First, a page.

Robert Važan

What's in a good software library?

High-level advice on API design from author of several opensource libraries and a seasoned developer.

Programming can be thought of as a form of communication with computers. There's even an AI theory that says that intelligent computers are merely ordinary computers that can be programmed quickly and easily. So what makes computers easy to program? Or in other words, what makes programmers productive?

If programming is communication, then libraries provide vocabulary for this communication. Relationship between programming languages and libraries is like relationship between human brain and knowledge. Libraries and the vocabulary they provide (akin to knowledge) matter more than computing power (akin to IQ in humans).

Libraries have limits though. It's hard to deliver highly available database in the form of a library. Cloud services make libraries smarter and they reduce the amount of complexity visible to programmers.

People often think of programming as telling computers what to do. But programming is a two-way communication. Visibility matters. Black box tools are hard to debug. Specificity of communication matters too. Reporting "bug at line 333" is way more useful than reporting "bug in the program". Libraries and cloud services need their own inspection, debugging, and profiling tools. They need to speak and they need to speak clearly.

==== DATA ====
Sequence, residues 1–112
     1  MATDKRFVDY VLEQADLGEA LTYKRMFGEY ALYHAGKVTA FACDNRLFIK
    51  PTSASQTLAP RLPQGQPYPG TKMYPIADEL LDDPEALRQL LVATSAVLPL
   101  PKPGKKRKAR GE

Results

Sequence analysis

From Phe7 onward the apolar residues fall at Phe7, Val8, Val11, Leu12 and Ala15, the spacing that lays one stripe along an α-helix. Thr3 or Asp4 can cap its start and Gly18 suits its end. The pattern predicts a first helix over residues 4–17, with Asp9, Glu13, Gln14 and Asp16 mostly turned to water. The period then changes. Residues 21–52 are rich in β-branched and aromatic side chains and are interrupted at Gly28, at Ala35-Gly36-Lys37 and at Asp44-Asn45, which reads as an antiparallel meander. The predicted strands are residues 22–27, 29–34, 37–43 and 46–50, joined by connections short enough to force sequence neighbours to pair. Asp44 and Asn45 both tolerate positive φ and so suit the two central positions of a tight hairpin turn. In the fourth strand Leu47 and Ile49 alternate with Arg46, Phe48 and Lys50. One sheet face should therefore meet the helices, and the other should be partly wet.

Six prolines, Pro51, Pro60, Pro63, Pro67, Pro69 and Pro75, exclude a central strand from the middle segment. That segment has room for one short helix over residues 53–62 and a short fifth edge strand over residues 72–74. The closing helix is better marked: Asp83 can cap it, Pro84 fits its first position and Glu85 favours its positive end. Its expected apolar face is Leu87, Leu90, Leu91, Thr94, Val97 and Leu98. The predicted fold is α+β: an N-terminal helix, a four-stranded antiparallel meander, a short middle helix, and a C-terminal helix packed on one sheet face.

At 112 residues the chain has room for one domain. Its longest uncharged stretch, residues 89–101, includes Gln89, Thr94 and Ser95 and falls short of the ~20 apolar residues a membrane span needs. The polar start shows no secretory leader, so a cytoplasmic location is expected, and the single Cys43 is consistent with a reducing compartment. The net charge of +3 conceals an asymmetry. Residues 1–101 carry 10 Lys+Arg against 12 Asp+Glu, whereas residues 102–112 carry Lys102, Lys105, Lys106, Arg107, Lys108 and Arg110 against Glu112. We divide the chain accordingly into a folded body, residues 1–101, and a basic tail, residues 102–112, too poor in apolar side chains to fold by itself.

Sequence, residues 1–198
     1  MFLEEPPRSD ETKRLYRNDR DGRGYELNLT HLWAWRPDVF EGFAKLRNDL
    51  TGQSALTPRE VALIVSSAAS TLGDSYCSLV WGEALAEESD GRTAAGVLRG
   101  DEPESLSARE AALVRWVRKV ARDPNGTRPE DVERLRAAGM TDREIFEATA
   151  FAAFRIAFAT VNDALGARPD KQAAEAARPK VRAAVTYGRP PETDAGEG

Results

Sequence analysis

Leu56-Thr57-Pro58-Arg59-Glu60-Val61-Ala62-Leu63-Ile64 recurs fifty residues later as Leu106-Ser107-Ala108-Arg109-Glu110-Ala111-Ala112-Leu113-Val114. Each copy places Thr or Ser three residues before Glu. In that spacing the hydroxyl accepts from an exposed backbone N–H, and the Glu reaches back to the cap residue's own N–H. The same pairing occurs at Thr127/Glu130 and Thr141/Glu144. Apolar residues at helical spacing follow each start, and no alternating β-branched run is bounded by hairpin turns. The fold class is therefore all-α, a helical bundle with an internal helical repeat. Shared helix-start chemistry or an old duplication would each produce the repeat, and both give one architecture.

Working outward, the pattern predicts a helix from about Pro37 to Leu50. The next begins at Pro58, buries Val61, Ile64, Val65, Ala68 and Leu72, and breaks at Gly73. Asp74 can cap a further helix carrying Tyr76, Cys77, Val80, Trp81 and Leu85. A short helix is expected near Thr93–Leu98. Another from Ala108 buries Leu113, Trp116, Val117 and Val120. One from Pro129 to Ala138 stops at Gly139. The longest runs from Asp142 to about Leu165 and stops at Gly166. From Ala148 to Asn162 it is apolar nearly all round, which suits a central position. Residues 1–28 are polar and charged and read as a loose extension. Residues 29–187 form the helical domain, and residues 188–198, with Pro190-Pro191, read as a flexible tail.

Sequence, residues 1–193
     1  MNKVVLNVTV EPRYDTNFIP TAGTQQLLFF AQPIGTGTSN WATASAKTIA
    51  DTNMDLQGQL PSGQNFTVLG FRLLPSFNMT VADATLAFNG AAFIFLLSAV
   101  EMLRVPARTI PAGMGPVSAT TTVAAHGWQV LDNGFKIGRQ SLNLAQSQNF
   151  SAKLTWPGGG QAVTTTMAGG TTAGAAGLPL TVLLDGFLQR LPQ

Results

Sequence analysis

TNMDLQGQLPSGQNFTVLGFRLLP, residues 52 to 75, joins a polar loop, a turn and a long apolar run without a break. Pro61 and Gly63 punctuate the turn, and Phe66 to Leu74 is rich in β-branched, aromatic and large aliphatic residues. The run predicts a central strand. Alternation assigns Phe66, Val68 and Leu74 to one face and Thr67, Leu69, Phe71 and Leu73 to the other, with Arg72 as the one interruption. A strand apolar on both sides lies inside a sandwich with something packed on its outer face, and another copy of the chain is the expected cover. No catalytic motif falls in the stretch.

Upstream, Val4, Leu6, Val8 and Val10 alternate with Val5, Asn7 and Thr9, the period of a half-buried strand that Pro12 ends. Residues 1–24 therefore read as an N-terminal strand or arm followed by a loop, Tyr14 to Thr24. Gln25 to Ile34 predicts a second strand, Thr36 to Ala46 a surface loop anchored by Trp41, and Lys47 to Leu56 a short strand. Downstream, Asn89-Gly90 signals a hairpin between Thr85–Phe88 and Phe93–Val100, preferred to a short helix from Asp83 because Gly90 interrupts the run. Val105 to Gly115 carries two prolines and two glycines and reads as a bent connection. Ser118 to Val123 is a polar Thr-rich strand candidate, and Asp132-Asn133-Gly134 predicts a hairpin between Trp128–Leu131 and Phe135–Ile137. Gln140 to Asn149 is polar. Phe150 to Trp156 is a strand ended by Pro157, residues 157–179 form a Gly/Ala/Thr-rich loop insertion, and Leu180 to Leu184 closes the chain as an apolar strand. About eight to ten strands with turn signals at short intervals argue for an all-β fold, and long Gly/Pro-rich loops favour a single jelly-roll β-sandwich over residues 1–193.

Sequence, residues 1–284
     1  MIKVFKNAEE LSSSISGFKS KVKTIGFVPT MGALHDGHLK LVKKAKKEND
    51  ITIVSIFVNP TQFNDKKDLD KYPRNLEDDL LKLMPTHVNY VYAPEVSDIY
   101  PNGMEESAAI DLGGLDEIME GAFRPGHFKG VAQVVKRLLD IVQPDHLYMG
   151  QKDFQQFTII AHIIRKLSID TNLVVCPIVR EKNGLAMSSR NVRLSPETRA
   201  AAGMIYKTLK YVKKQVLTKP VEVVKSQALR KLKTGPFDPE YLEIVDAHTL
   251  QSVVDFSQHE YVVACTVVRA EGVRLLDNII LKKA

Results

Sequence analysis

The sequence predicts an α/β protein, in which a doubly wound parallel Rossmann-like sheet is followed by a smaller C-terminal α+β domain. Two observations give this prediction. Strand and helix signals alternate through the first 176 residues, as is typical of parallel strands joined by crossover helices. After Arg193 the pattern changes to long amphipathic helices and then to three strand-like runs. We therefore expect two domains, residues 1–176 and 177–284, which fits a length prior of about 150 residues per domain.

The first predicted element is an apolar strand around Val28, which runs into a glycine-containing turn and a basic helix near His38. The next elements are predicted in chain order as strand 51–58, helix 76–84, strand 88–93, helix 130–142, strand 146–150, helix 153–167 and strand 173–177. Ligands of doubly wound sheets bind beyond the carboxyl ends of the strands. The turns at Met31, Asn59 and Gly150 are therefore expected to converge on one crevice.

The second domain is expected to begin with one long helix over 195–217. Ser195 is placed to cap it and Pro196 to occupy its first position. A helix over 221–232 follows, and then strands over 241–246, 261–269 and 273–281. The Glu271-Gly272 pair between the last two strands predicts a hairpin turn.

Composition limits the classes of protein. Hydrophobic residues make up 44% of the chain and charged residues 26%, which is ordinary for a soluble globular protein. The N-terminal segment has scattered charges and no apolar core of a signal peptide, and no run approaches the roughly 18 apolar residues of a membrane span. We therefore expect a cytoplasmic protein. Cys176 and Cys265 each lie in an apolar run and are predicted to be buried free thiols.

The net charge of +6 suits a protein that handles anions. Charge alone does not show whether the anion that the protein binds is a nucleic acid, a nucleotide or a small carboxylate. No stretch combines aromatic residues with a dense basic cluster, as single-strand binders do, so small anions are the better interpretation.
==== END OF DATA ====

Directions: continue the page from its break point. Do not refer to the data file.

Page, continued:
Simplicity and ease of use merely accelerate adoption of new services without making them fundamentally more useful. Accelerated adoption is nevertheless very useful in the rapidly changing software landscape.

Interactivity of communication is important. It permits experimentation. Programming can be thought of as a dialogue. It is however still important to keep tools predictable. No REPL loop can match the speed of internalized mental models. Not to mention that mental models permit partial simulation of the system while interactive shells require concrete implementation.

There is still one elusive issue in library/service design. Some tools have an obvious next step at every moment while others cause writer's block.

Scaffolding needs to be done either in mind or on paper. Such tasks show very little progress on code level while the scaffolding is being built. Once the problem is solved using the scaffolding, the code rapidly materializes.

We might be hitting essential complexity here. We need to complete complex tasks that cannot be abstracted away, because the purpose of the code under development is to provide that abstraction. There's no universal problem solver. Tools cannot be simply provided with a goal and expected to find a path towards the goal.

But there's still something tools can do. It's not fair to shut down all services the tool can provide simply because we have an incomplete solution. Tools should continue to work with the partial solution in order to encourage rapid prototyping of increasingly functional solutions.